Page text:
Higher enrollment in the coming years is a major driver behind rethinking space, school officials have said. Growing the large fund balance, officials said, was in large part due to facility needs coming down the road. Enrollment is steadily trending higher at OPRF, as well as elementary school District 97.

By 2016, enrollment is expected to reach roughly 6,000 kids in D97 — up from the current 5,500 — and nearly 3,500 students at OPRF; roughly 3,200 students are currently enrolled. Those estimates were done by the firm Ehlers and Associates, which both districts hired in 2011 to look at enrollment patterns.

D200 Finance Committee members offered their feedback about the proposed plans.

Jeff Weissglass, a newly-elected board member, wondered if the most pressing work, such as the pools, could be done now and other work put off due to the high costs.

"The other question for me is what can we do for half the price; should we do it all, should we go all the way, or what came be accomplished for much less?" Weissglass said.

Tom Cofsky, who was also elected in April, wanted to know how much enrollment factored into the plans. Veteran board member Ralph Lee said he thinks the pools are a driver behind much of the work, because addressing that issue will impact the rest of the building.

Zummallen warned that if something isn't done with the pools in the next three years or so, the state might shut them down due to safety concerns.

Oak Park River Forest High School building plan

Reader Comments

17 Comments - Add Your Comment

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Varsity Swimmer from Oak Park  

Posted: January 19th, 2014 2:18 PM

OPRF needs a new pool. I'm a varsity swimmer on the team, and OPRF has one of the worst pools in our conference. We are limited to hosting duels in the East pool because of its size, and can't hold any meets in the West pool. People slip on deck daily because of the slippery temporary solution to real tiles, water doesn't drain correctly, and the lanes are small and not lined up correctly. The OPRF Swim Team has become one of our weak sports, let's make it better.

Bridgett from Oak Park  

Posted: September 18th, 2013 6:37 PM

For those thinking D200 should hand some money over to D97, they are two totally different taxing bodies (As is D90 in River Forest. River Forest residents have also paid taxes into D200's fund, remember.). So it's not legal what you are requesting, for obvious reasons.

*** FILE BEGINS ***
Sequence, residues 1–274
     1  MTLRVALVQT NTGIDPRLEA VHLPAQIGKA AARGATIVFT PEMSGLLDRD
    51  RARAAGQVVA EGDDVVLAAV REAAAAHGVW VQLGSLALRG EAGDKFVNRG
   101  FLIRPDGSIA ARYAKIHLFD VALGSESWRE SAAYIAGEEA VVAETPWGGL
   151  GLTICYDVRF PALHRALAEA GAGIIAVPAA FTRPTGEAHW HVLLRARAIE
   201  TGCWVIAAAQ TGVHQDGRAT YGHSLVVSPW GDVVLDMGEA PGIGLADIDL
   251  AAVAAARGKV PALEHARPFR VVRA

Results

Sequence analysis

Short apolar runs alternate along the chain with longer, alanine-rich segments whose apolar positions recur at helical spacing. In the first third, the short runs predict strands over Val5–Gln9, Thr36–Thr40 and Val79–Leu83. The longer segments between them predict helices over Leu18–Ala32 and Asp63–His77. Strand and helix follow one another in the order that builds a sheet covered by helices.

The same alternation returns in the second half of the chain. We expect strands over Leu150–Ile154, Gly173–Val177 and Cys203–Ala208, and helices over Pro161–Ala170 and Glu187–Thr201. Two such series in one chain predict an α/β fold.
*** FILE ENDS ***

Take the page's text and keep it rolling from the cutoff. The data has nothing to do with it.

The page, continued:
Disgusted from Oak Park  

Posted: September 18th, 2013 2:43 PM

The teachers' parking garage isn't even 10 years old, but I guess it's no skin off OPRF's nose if they partially demolish and rebuild it since it was built with village funds in a now questionable and increasingly sleazy looking intergovernmental deal (village builds garage in exchange for 2005 TIF extension backing).Either way,of course, the taxpayer gets skinned alive, but the idea of tearing down the parking garage before OP taxpayers are even done paying for it is particularly obnoxious.

J.B. Puppetmaster from Oak Park  

Posted: September 18th, 2013 12:55 PM

Will there be any money left over for a puppet theatre? We cannot neglect the high demand for a proper place for our students to practice the ancient craft known as puppetry arts.

Speedway from Oak Park, Illinois  

Posted: September 18th, 2013 1:12 AM

The last I heard and read. There was over $120 million in D200's general fund. While D200 has many funds they have all been managed well and there is no shortfall except in the pension fund. It was a fluke that the HS came by this money. As a taxpayer, I want this money back. We have paid enough.

Bill Dwyer  

Posted: September 17th, 2013 10:15 PM

People may not agree with D200 having the reserves they have- I've had questions- but they've explained their position on numerous occasions. And school boards, under Illinois law, can move considerable sums around to different funds at their discretion. $20 million? Probably not. But such projects are one of the reasons they gave for needing the reserves they have. As for the D200 surplus being used for D97 O & M purposes, it's just not going to happen. D97 needs to levy for its own needs.

Unfortunately  

Posted: September 17th, 2013 9:48 PM